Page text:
Open Access

A study of the distribution and abundance of the adult malaria vector in western Kenya highlands

International Journal of Health Geographics20087:50

DOI: 10.1186/1476-072X-7-50

Received: 15 April 2008

Accepted: 22 September 2008

Published: 22 September 2008

Abstract

Background

A sharp rise in the malaria mortality rate has been observed recently in western Kenya. Malaria is transmitted by mosquito vectors. Malaria control strategies can be more successful if the distribution and abundance of mosquito vectors is predicted. However, how mosquito vectors are distributed in space remain poor understood, and this question is rarely studied using spatial methods. This study aims to provide a better understanding of the distribution and abundance of mosquito vectors. To achieve this objective, spatial and non-spatial methods were employed. The data on the distribution of adult mosquitoes, and mosquito breeding habitats in a study area in western Kenya, and environmental variables were analyzed.

Results

The models developed using spatial methods outperformed the models developed using non-spatial methods. Houses close to locations where mosquito breeding habitats were repeatedly observed had more abundant adult female mosquitoes. Distance to high-order streams was identified as an effective predictor for the distribution of adult mosquitoes.

Conclusion

The spatial method is more effective in modeling the distribution of adult mosquitoes than the non-spatial method. The results of this study can be used to facilitate decision-making related to mosquito surveillance and malaria prevention.

Introduction

The highland areas in Africa rarely experienced malaria before 1988 [1]. However, a series of explosive seasonal malaria outbreaks has occurred in these areas in the last two decades [2]. These outbreaks caused thousands of deaths of which over 70% were children under the age of five, and the highlands in western Kenya have seen the highest mortality rates [3]. Malaria control is urgently needed for the region.

Malaria is a vector-borne disease, which is transmitted by mosquito vectors. Understanding the spatial distribution of mosquitoes will contribute to the design of malaria-vector control strategies. Many studies have been carried out to improve the understanding of the spatial distribution of mosquito vectors. For example, elevation, temperature, and shape of landscape have been recognized to be related with the development of mosquito vectors [46]. The abundance of mosquitoes in human houses has been found to be affected by rainfall [7]. Humidity also has a significant effect on mosquitoes [8, 9]. Host availability has long been recognized to have an influence on the distribution of mosquitoes [10]. The survival of mosquito larvae has also been related to the openness and presence of predatory animals in their habitats [11]. It is also believed that certain human activities, such as the deforestation and cultivation of natural swamps, may have created conditions favorable to mosquitoes in highland areas [12].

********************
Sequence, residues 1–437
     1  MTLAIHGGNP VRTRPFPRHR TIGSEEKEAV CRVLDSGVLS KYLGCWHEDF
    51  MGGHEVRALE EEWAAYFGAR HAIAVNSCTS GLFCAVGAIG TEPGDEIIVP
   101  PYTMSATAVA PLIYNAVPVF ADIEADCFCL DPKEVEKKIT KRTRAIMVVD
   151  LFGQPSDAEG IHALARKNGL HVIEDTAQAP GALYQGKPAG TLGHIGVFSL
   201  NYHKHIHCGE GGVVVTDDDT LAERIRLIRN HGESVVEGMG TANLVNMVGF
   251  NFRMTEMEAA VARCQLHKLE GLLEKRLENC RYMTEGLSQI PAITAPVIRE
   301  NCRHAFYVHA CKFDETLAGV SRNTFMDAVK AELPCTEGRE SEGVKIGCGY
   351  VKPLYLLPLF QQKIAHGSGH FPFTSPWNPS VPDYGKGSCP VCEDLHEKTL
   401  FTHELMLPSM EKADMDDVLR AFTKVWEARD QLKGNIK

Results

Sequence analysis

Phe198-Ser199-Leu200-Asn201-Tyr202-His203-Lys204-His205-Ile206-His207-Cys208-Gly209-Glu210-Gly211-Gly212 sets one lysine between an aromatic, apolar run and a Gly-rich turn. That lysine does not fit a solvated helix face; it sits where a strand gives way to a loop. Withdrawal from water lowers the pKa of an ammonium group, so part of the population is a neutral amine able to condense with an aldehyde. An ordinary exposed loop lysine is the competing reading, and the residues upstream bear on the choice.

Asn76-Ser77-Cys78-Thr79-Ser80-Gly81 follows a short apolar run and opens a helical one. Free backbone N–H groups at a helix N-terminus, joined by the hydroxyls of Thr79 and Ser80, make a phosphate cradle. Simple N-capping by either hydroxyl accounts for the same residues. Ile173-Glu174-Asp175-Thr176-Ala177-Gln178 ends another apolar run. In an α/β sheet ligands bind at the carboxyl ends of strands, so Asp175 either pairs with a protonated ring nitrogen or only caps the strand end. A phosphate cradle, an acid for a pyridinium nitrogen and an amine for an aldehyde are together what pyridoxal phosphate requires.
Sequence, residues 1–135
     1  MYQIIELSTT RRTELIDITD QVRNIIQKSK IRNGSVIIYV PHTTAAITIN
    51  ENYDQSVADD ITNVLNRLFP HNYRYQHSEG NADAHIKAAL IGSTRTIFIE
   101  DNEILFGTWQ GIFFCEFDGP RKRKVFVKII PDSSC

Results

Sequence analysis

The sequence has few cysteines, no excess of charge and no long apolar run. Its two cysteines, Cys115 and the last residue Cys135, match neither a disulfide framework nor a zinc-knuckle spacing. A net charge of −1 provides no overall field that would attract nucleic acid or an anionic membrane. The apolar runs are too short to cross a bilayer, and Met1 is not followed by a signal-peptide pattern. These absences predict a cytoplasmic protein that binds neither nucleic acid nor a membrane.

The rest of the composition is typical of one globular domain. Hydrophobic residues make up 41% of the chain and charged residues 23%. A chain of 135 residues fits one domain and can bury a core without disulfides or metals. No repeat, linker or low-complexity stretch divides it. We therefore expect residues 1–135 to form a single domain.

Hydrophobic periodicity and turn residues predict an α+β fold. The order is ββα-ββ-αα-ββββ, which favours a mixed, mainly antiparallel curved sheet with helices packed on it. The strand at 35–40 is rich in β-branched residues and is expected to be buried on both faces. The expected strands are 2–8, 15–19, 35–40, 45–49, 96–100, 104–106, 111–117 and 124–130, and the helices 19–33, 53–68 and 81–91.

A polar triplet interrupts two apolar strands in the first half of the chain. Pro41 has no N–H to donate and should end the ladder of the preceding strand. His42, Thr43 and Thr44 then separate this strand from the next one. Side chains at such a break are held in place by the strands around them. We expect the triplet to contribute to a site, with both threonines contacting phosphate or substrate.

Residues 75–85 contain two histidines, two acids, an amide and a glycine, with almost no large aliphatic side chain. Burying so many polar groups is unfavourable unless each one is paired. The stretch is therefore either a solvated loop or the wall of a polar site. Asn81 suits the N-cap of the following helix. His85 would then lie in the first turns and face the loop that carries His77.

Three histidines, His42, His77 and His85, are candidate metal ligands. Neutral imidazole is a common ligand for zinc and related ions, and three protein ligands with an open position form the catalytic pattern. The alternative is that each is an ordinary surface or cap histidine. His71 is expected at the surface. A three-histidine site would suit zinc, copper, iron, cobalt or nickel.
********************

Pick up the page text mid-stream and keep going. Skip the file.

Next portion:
However, there are three concerns regarding the present mosquito studies. First, the question of whether the spatial stability of mosquito breeding habitats affects the distribution of adult mosquitoes remains unexplored. Second, adult mosquito abundance is traditionally considered to be a function of the availability of human hosts and mosquito breeding habitats [13]. This approach is subject to the omission of some other important factors affecting the distribution of adult mosquitoes, such as moisture level. Third, the non-spatial method is often used to model the distribution of insects. However, data on adult mosquitoes often have a spatial element, which may impose limitations on the non-spatial modeling methods, such as ordinary regression [14].

The objectives of this study are two-fold: (1) to explain the relationship between adult mosquitoes and mosquito breeding habitats, and (2) to model the spatial distribution and abundance of adult mosquitoes. To achieve these objectives, this study employed spatial and non-spatial methods to analyze data on adult mosquitoes, mosquito breeding habitats, and environmental variables collected in a study area in western Kenya.

Methods

Study area

The study area, a 4 × 4 km area centered at 0°10' N, 34°45' E, is located in Iguhu Village, Kakamega District of western Kenya, one of the most densely populated districts in Kenya. Frequent malaria outbreaks have been reported in the highlands of the District [15]. The terrain of the study area is typical of the highlands and consists of a mosaic of hills and small basins, with elevations ranging from 1420 to 1540 m. The Yala River runs through the area from east to west. The study area has one long rainy season, one short rainy season and a main dry season. The long rainy season usually occurs from April to June, the short rainy season in October to November, and the main dry season from December to March [16]. The study area contains about 2,500 households and includes a population of over 10,000 people.

Adult mosquito data